I keep thinking that somehow I will hit a place that I will never have to descend back into these circuits. That is not reality as life does keep coming at you. One of my goals is to be easier on myself when I get tripped up.
    What I have also discovered is that learning these skills is not difficult. You simply have to be open to change. Unfortunately, for many, anger blocks that possibility.
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  2. Eric "Herbie" Watson

    Eric "Herbie" Watson Beloved Grand Eagle

    This is another great post Dr. Hanscom.
    I have learned a new word today thanks to reading this thread ( The “Sarno effect”) That's awesome. I learnt the sarno effect over a year ago now and ive been so ecstatic about it that I cant stop looking for more and more tools to add to my tool box. I as the guy above have learned about triggers and how they can send pain into any part of our mind or body.

    I often give help here at Tmswiki and I usually look for a trigger to identify but often ill give advice on where to look as triggers seem to be often unconscious and unaware to the person experiencing the pain or anxiety.

    Ill give a personal example from my past that illustrates how I began to notice triggers and when I did id have these Ah-ha moment with the pain significantly dropping to a 1 or 0 on the 1 to 10 pain level scale we often use.

    I was getting back to my work outs after a year of being bedridden from extreme pain radiating all over my back to my feet. I also had shoulder and neck pain that only added to the anxiety of the pain. Anyhow id been doing well journaling and changing my focus and going by sarnos daily 12 reminders. I was about 2 months into my healing phase and I had this pain come back on me pretty strong.

    I thought what can be bothering me emotionally. I journaled and actually wrote down an argument that id had with my niece in the journal but I was still unaware that the argument with her was the trigger. That night id had a dream of her, and in the dream I felt the pain instantly come on like a run away train. Upon awakening I knew the argument was the trigger and I also knew I had to come to grips with this issue.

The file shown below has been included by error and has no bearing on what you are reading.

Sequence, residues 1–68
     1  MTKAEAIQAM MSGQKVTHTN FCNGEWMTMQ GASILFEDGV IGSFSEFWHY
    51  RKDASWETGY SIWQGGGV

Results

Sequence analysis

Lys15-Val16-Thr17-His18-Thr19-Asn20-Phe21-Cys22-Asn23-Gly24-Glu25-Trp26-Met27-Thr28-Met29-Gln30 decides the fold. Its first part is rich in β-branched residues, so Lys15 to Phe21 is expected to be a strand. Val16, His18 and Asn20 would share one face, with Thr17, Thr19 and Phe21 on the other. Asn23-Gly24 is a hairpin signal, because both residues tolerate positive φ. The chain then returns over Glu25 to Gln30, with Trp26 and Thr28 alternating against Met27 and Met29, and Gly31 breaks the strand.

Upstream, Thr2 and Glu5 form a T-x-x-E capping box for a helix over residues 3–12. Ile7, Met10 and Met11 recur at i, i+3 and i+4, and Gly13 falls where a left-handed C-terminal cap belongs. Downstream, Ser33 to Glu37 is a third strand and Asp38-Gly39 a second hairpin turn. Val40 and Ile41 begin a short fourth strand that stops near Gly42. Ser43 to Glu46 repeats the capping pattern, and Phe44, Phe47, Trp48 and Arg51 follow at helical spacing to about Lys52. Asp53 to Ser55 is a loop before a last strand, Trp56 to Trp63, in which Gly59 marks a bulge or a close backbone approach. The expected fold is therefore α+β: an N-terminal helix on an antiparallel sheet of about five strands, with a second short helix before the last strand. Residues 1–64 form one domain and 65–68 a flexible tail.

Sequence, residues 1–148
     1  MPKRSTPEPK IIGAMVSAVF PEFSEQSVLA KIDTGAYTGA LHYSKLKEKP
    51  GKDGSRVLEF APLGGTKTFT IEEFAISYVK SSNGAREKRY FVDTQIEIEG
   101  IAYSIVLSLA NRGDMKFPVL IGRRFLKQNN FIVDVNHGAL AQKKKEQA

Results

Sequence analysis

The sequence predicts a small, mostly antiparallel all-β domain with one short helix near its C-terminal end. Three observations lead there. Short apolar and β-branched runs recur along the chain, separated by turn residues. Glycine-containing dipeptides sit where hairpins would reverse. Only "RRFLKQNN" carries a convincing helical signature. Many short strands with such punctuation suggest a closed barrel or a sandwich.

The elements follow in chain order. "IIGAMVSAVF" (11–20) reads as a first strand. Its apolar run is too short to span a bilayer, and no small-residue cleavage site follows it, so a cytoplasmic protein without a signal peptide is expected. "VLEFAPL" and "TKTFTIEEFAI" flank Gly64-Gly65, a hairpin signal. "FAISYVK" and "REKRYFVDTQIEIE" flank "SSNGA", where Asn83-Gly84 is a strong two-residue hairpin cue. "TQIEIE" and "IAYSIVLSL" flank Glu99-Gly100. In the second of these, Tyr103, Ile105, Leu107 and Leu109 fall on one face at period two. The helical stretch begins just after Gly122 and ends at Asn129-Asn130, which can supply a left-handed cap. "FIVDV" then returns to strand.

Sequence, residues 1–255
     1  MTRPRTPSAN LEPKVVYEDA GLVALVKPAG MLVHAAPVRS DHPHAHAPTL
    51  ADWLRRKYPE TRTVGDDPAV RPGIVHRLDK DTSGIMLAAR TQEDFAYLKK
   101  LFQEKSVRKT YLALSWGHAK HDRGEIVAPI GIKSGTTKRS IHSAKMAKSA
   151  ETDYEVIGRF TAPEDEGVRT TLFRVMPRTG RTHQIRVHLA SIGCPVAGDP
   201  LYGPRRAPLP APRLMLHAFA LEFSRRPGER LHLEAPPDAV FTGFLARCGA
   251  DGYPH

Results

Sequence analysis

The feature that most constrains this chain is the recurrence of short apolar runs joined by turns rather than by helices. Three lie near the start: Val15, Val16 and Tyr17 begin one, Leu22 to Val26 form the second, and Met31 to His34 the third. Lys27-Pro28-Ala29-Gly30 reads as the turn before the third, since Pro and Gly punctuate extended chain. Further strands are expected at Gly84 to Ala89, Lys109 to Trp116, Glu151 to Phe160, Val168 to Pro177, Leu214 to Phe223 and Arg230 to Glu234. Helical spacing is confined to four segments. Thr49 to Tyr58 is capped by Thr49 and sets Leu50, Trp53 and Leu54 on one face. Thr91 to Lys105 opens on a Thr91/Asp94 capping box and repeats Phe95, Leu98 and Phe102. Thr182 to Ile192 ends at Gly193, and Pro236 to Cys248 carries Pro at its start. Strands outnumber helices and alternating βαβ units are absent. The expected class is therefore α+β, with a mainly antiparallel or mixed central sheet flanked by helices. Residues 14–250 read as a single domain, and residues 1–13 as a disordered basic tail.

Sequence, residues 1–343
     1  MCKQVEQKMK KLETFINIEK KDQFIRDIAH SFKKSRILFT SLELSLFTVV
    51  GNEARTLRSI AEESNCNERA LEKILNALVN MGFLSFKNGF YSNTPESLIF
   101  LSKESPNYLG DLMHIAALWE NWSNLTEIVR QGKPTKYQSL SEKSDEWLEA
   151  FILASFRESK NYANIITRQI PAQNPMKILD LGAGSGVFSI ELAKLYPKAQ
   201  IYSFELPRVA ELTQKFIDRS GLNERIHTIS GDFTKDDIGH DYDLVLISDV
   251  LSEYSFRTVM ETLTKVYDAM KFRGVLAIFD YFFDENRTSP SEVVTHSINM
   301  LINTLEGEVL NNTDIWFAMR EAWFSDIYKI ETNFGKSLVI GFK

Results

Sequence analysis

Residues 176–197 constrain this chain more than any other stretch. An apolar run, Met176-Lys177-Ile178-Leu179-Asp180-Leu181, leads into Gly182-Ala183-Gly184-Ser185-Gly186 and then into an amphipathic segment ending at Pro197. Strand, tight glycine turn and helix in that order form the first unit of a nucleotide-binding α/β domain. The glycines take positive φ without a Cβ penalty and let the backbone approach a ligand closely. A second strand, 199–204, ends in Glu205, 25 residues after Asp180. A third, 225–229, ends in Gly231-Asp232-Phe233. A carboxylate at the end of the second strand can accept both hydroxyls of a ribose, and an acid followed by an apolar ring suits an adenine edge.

I saw her that day and I didn't have any pain come back since id been aware that it was the argument that caused the trigger in my dream but I felt an over whelming sense of anxiety. I took my niece to the side and I said look, I love you and we been friends way to long to keep our distance from each other and not speak anymore. She agreed and we hugged. My anxiety instantly left and I went through the rest of my healing phase spotting triggers and acknowledging them. Id have that Ah-ha moment and move forth with another step closer in my healing journey.

    This awareness of the Sarno effect and triggers has been the holy grail in my full healing as of now close to 18 months later now. Thank you so much for your
    understanding of the Sarno effect and how you pay special attention to your patients and when you see their nerves are calmed and then you notice that they are having less pain. This is great to know we have a Dr. that fully understands the Sarno Effect
    Bless You.